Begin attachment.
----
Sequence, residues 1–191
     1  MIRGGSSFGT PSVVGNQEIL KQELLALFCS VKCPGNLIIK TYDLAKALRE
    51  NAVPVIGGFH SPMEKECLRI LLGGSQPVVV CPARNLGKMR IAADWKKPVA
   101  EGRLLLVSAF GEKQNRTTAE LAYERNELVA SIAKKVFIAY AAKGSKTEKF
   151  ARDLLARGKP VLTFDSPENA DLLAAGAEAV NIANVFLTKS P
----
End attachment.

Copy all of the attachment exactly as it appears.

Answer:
Sequence, residues 1–191
     1  MIRGGSSFGT PSVVGNQEIL KQELLALFCS VKCPGNLIIK TYDLAKALRE
    51  NAVPVIGGFH SPMEKECLRI LLGGSQPVVV CPARNLGKMR IAADWKKPVA
   101  EGRLLLVSAF GEKQNRTTAE LAYERNELVA SIAKKVFIAY AAKGSKTEKF
   151  ARDLLARGKP VLTFDSPENA DLLAAGAEAV NIANVFLTKS P